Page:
Then he sent it home to the kids--a painting I did of your dog.

The kids were conflicted.

It didn't look much like their dog.

What's with the beady eyes?

They tried to be diplomatic, but the as the story goes they frowned, and squinted, and scratched their heads, and looked at each other because it was just so weird.

I heard this story and laughed until I was holding my chest in pain.

I called him on the phone just to LAUGH and asked him, "What would you do if you didn't have grandkids to harass??"

He hooted, "Well then I'd have to harass YOU!"

Oh, thank goodness for the grandkids then.

This is  a picture from the past. That's my dad 30 years ago with John and Dan in his arms, Dan holding the little Vick's nose thing up to him.

Here's something really good to know--whatever laughs, hugs, meals, foolish crap you share with your grandchildren, just go for it. It's more important than it feels in a moment.




About this time, John asked my dad to go down to the basement with him so he could shoot the cap gun.  My dad said, "No, I think you might shoot me."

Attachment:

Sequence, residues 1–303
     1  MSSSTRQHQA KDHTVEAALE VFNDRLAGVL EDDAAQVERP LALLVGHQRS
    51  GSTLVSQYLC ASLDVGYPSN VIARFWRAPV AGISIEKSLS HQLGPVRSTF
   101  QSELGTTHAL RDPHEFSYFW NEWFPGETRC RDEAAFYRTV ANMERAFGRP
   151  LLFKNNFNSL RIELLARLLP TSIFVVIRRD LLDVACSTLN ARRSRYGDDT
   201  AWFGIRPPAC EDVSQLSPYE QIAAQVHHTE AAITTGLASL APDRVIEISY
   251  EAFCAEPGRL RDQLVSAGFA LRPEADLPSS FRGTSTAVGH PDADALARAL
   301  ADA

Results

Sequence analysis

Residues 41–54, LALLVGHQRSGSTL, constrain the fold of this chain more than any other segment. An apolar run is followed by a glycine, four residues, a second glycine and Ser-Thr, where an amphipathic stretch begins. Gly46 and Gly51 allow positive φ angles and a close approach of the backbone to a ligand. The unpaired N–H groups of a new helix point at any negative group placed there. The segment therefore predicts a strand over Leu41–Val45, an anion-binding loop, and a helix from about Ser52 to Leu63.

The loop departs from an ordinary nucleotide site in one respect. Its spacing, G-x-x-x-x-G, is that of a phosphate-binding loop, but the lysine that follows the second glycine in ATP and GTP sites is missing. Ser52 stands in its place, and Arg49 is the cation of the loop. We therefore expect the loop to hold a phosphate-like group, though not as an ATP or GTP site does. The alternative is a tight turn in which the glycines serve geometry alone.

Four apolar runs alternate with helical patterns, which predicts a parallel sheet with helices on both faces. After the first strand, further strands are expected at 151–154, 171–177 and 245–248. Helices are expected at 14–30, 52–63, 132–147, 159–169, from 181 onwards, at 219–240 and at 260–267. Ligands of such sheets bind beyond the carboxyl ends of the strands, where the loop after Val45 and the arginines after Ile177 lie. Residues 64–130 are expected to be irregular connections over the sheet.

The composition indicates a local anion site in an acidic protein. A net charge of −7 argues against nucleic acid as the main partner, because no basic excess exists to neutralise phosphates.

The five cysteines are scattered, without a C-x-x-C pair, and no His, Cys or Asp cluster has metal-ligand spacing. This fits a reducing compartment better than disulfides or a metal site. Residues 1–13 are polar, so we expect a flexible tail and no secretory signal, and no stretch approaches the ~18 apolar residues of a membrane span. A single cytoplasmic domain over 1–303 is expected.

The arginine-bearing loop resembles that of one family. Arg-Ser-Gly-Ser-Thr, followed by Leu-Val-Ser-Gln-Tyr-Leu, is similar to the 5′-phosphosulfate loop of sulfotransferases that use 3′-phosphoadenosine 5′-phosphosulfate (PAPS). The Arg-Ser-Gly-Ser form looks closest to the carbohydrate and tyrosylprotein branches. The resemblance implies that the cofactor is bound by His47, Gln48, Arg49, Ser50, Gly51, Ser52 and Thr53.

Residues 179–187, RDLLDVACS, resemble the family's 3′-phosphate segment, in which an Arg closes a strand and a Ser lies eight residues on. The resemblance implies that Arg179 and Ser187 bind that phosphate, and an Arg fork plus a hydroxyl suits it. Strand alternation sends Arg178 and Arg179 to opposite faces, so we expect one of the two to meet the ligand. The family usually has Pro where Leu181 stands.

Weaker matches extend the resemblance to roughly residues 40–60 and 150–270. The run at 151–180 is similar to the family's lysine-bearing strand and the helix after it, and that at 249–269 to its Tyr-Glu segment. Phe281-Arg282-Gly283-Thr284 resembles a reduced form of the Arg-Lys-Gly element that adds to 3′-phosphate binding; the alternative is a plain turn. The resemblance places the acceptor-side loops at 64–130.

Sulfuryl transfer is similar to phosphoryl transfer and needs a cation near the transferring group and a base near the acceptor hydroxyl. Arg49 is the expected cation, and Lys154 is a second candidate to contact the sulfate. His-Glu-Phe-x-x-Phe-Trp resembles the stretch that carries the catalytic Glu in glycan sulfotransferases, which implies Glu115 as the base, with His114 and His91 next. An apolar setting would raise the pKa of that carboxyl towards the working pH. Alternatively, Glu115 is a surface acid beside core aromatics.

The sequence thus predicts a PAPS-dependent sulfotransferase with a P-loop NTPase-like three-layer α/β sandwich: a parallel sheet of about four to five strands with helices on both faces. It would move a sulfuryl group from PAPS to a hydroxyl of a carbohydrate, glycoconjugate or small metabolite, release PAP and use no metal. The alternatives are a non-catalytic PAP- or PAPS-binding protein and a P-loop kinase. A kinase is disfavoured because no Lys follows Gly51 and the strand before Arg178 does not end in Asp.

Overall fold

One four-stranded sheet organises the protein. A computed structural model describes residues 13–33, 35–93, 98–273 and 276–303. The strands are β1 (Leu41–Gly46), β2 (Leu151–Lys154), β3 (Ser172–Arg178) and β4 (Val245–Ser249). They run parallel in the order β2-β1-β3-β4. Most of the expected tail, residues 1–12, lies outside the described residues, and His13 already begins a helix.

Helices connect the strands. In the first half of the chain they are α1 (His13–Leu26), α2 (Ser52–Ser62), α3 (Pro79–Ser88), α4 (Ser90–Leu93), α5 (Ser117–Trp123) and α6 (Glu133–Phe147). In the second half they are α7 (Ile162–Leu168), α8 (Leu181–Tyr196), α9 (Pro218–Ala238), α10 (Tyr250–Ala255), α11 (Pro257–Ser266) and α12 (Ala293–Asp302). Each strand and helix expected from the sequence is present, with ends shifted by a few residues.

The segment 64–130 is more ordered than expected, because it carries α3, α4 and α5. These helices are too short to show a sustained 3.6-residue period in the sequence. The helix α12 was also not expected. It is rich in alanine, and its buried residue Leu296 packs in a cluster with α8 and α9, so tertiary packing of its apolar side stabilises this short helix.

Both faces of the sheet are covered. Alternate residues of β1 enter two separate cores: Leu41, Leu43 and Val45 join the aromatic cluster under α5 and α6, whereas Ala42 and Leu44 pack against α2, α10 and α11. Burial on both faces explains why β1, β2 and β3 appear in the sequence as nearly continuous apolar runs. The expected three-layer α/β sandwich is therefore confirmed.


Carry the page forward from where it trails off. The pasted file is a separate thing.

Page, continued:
John said, "Nah, I'll only shoot you in the feet because you're old."  (My dad was 42.)

Oh, life is awful good, and yet you two have created some very big shoes to fill.   love you both so incredibly much, Val

ahh, the end of the day

 This was taken as we sat on the couch before chasing the kids to bed.

The picture below was from earlier, at the tree farm.  This was a new place and the drive there was a little hazardous with Heidi, Joe, p.j. and Kirsten following.  U-turns, quick corners, yikes.  No harm done though.

Heidi phoned and asked me, "Is Dad trying to kill us?"

I answered her truthfully. "No. That's the furthest thing from his intentions."